Roderick E, Hoyle J and Yentis SM.
Aim of Study
To establish the level of neurological monitoring after neuraxial anaesthesia in maternity units across the UK, and whether units had protocols in place to manage an abnormally prolonged neuraxial block.
Design and Location
Online survey with open and closed questions sent to lead consultant obstetric anaesthetists in all UK maternity units. Two follow up reminders were sent to non-responders.
Open and closed questions. Some free text boxes. Questions focussed on level and method of neurological monitoring after neuraxial anaesthetisa and presence / absence plus content of any local policies or guidelines.
Method and level of routine post procedure neuraxial monitoring in obstetric patients.
Presence or absence of any local policy / guidelines surrounding
a) post proceudure neuraxial monitoring
b) management of complications (prolonged block).
Responses collated and analyzed with Microsoft Excel® spreadsheet, with 95%CI (Wald method) calculated using GraphPad® software .
59% response rate.
Formal policy for post neuraxial monitoring in place in only 56% of units.
Post procedure routine neurological monitoring carried out for sensory modality in 40% units and motor modality in 55% units.
Amongst the units routinely monitoring there exists a variable method of assessment and documentation:
* Sensory modality assessed – cold 60% , other 52%, touch 16%
* Motor modality assessed – mobilization 62%, bromage 27%, straight leg raise 24%, other 21%
* Frequency of monitoring – every 15 mins 9%, every 30 mins 20%, every 1h 29% every 4h 9%, other 38%
* Duration of monitoring – until discharge from recovery in majority of units (40 – 46%), next most common was until resolution of block (30 – 45%)
* Documentation – 30% in MEWS chart, 22% direct entry in notes, 13% separate chart, other 22%, none 2%
Management of prolonged block:
Protocol in place in only 34% units.
58% no protocol
5% of leads didn’t know if they had one or not!
Recommended action in event of prolonged block:
* Imaging before referral 67% (MRI 69% in hours, 59% OOH. CT 5% in hours, 20% OOH. Remainder did not specify ).
* 31% units recommend neurology referral in first instance. 15% units neurosurgical referral in first instance.
* 87% units reported a neurology referral was required before a request for imaging could be accepted….
Routine / formal monitoring of recovery after neuraxial blockade in obstetric patients in the UK is inconsistent and often absent.
Only a minority of UK departments have a protocol or policy in place to deal with suspected neurological complications after obstetric regional anaesthesia.
National Audit Project 3 (NAP3), the Obstetric Anaesthetists’ Association (OAA) and the Faculty of Pain Medicine (FPM) all clearly state that routine monitoring and policies should be in place, and that obstetric patients should receive the same standards of care post neuraxial anaesthetisa as non-obstetric population. The results of the survey suggest this is not the case.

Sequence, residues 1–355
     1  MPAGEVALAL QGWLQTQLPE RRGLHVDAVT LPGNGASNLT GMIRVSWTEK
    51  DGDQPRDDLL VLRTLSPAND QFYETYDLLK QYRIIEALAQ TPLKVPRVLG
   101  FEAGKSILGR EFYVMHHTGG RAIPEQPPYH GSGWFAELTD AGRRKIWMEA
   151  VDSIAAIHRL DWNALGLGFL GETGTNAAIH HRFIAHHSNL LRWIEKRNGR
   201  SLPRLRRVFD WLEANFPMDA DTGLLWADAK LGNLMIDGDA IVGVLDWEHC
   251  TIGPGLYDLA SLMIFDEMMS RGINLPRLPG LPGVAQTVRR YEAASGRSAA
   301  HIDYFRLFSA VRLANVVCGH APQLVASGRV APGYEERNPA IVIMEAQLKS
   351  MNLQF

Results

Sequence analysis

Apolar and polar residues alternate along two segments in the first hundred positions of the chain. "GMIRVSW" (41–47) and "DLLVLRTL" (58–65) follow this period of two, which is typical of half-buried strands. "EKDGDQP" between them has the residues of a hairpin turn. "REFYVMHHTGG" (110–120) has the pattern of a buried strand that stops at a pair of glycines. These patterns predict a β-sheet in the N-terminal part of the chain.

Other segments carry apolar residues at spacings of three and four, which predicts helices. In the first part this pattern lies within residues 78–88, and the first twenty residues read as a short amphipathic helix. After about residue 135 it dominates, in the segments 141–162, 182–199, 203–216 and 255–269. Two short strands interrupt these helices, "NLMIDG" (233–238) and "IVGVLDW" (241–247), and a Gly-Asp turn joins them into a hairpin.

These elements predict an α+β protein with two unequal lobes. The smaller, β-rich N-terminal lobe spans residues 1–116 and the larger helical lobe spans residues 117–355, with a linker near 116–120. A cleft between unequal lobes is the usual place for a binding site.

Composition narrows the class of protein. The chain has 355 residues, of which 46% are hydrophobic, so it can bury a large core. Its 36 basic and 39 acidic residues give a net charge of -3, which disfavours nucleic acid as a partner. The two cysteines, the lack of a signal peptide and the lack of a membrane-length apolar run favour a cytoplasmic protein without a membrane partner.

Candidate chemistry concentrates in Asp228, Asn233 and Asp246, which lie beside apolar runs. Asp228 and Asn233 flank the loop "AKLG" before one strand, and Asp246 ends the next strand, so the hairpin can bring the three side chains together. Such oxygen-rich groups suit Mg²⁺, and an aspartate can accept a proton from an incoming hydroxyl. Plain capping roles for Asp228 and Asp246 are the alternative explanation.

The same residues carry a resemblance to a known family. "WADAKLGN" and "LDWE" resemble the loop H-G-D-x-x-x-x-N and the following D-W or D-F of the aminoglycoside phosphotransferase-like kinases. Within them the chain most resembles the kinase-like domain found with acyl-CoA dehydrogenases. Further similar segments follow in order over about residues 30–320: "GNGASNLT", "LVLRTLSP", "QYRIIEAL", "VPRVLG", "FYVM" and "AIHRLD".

In 19% of units the first routine formal monitoring of neurological recovery does not occur until next post-operative day. Given that if neurosurgical input is required, operative outcomes are best within 4h and anything >12hr is associated with very poor results the authors raised this as a serious cause for concern.
Some units only use non-objective verbal questions as the method of assessment, the authors highlighted the scope for misinterpretation and error relying solely on this method, particularly in those units with a high number of women with English as a second language.
112/189 units responded – only 59.3%
Survey only, not audit of practice – the reality may be different.
Informal snapshot of practice.
Copy of survey and open question / free text responses not included in the published article.
Manpower and logistical issues of various units not provided / discussed.
Complication rates of units responding not provided.
A number of points were discussed and not all reached consensus during the journal club meeting.
What was fairly unanimously agreed by the audience was that it would be sensible to have a written policy in place for the management of prolonged block – our obstetric anaesthetists are supportive of this in principle. We will compose a draft for review.
I also discussed the current absence of any formal monitoring of block resolution in obstetric recovery. Our midwives on labour ward usually ask women about heavy legs/ to mobilize pre-discharge, but this is not a part of routine formal monitoring and is not documented.
The JC audience agreed it would be sensible to institute a change in practice here. A formal record of mobilization for motor block resolution at discharge from recovery would probably be adequate. Formal documentation of neurological recovery by the anaesthetic team in particular was discussed – this should be in notes that follow the mother. We will need to clarify where this is to be documented.
As we usually use high spinal doses, perhaps review times need special consideration? Also, should we be documenting a trend in recovery rather than a single observation? Or is this necessary only in the presence of an identified abnormality?
There was significant discussion and no consensus regarding the need for any further more formal monitoring of sensory / motor recovery on top of that already provided by the follow up process (an audit proforma completed the next post-operative day). The practicalities and work load of such a change in practice were a key concern, particularly out of hours… especially as this is all in the context of few / rare complications.
Summary by Dr E Hyde. Presented at Journal Club Meeting 01 November 2018.